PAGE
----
I could smell the coffee brewing and I knew it was time to get up. Early morning is one of my favorite times of the day. Oftentimes it is when I able to read and write and think without any distractions. But this particular morning was different.
My seven-year old son woke up when I did. And he could not go back to sleep. So, he joined me in my makeshift office that is right across from his bedroom. My desk faces the wall and directly behind it is a small single bed. It comes in handy during those nights I write until I fall asleep or when I want to take a weekend nap.
I figured my son would go back to sleep while I got some reading and writing done. And for a few minutes, it appeared that was the way things were going to go. But then my son, in his soft and innocent seven-year-old voice said, “Daddy, do you want to talk?”
Initially I thought to myself, it’s 5 o’clock in the freakin’ morning and this kid wants to talk. I don’t like noise in the morning. Heck, I don’t like noise during most times of the day. But my seven-year old wanted to talk? About what? Spiderman and Thor? Recess and Phys Ed? I wasn’t sure.
So, I began to entertain the idea. Then, without much coaxing, I agreed. I continued to face my computer and he remained lying in bed. We began talking. And it was okay. But after a minute or two, I felt as if having my back to my son, while we were talking, was not polite. I turned my chair around so I could see him and he could see me.
And you know what?
We had the best conversation. At 5:30 in the morning. My teenage daughter was asleep in the next room. She didn’t wake up for another hour or so. Yet, my son and I had a great conversation. Somehow we began talking about war and about how my father and my wife’s father both served in the Vietnam War. And how President Trump didn’t. I know, I had to get that in. It was quite a deep and engaging conversation. You should have heard us.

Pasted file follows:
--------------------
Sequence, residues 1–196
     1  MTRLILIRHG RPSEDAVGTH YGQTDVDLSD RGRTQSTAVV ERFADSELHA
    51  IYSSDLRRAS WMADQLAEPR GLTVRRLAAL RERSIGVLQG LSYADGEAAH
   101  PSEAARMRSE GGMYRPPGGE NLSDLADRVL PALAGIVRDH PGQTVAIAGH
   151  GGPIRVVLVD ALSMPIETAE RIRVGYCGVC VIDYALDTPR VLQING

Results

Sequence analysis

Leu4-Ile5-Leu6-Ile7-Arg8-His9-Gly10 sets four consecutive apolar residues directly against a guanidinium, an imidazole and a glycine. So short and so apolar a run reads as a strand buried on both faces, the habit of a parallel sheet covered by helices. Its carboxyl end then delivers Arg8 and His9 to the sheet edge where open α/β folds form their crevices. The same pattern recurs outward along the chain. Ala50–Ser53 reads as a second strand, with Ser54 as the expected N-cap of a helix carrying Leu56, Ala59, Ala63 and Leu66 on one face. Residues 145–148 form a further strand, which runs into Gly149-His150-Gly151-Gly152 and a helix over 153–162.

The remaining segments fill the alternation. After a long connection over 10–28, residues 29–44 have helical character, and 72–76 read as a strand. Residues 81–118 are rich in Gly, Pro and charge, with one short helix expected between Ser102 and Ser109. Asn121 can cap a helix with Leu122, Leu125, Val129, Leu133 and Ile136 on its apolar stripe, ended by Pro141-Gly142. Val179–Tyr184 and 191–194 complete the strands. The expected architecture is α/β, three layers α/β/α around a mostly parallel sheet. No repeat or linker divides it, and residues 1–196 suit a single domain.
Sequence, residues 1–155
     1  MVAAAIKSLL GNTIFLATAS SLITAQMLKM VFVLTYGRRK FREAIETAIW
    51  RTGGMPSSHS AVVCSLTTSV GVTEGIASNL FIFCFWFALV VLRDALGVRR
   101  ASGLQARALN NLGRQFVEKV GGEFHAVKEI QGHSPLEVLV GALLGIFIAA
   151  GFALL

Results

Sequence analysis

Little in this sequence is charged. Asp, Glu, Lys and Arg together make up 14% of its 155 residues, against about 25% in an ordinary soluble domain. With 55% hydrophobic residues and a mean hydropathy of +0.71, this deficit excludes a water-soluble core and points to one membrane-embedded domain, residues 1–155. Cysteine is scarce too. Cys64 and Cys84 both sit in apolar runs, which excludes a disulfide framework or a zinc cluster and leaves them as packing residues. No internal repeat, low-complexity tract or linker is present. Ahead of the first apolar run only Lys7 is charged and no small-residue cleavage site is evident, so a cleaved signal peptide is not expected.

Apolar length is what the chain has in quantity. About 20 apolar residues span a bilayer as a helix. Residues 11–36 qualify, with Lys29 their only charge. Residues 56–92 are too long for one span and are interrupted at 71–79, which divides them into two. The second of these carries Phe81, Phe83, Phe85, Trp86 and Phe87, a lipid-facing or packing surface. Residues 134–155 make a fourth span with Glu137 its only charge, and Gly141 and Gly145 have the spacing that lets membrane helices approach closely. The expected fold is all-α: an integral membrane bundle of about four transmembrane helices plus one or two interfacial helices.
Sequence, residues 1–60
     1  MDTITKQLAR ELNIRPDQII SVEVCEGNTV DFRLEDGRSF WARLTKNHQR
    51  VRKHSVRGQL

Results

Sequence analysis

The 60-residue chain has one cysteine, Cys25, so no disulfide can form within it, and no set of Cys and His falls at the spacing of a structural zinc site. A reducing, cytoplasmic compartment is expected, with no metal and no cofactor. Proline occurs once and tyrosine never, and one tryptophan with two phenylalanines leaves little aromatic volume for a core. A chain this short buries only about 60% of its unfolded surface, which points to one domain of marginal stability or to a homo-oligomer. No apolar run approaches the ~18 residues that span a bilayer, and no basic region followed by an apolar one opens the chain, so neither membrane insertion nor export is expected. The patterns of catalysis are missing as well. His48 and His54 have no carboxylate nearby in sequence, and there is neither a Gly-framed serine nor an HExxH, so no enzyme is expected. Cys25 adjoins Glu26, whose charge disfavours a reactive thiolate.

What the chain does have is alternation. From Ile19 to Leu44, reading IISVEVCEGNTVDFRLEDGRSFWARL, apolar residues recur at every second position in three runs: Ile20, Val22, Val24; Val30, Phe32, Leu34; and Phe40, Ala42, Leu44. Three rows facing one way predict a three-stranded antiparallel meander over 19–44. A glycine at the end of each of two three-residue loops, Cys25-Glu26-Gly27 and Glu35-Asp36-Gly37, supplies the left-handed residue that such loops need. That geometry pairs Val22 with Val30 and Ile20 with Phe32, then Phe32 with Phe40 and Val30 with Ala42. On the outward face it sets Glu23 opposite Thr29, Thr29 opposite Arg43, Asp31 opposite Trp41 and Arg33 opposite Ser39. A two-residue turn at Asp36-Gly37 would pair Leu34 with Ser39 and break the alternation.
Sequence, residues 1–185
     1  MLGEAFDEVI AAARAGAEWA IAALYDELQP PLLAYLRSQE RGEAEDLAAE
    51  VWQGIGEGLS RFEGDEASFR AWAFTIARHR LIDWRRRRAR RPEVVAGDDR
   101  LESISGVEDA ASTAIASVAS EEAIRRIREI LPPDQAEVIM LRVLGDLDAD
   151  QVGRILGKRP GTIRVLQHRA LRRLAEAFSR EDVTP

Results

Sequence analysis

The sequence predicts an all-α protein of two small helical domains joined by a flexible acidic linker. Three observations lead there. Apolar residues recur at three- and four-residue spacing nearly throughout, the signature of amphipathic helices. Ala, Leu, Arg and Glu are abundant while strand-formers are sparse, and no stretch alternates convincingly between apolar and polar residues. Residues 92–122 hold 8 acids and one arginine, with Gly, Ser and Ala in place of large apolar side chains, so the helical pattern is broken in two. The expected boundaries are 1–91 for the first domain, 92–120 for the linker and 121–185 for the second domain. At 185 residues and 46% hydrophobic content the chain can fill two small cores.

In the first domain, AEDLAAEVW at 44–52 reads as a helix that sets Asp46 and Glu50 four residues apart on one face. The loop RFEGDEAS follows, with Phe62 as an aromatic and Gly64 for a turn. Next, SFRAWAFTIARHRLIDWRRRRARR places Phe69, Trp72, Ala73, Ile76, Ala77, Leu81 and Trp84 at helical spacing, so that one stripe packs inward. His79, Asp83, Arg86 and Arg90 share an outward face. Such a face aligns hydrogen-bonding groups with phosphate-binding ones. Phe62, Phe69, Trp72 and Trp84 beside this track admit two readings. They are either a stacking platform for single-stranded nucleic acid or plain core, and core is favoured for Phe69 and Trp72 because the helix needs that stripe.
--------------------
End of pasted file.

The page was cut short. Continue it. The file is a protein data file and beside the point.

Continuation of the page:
My son and I talked about a lot in those wee hours of the morning. It was fun and a morning I will not soon forget. Looking back I thought to myself, How many morning are my son and I going to talk at such an early hour? I don’t imagine many. And I am sure the number will decrease as he gets older. Remember, my teenage daughter was still asleep. As I imagine most humans are at 5:30 am.
I got nothing done that morning. I didn’t write a single word. I didn’t read a single page. And I didn’t send out a single tweet. But, I got to share a moment with my son that I will never forget.
As Chip and Dan Heath point out in The Power of Moments: Why Certain Experiences Have Extraordinary Impact,
And that’s the charge for all of us: to defy the forgettable flatness of everyday work and life by creating a few precious moments.
It’s so easy to get caught up in our day-to-day getting things done mode that we often forget how wonderful it is to just stop, if just for a bit, and a let a moment unfold. I am certainly glad I did. The next time you are working on getting things done and you sense the potential for a wonderful moment, just let it happen. It may not turn out to be anything. But then again it just might. And I for one, think it is worth the risk.
Take a chance on a moment.
Put aside your to-do list.
And see where it leads.
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